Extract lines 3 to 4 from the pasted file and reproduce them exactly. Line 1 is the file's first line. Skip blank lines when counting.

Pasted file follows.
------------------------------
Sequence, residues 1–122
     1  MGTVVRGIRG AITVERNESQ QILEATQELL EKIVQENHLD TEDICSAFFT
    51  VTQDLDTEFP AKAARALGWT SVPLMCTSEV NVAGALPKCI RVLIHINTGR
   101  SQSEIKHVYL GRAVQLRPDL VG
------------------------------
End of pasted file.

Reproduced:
    51  VTQDLDTEFP AKAARALGWT SVPLMCTSEV NVAGALPKCI RVLIHINTGR
   101  SQSEIKHVYL GRAVQLRPDL VG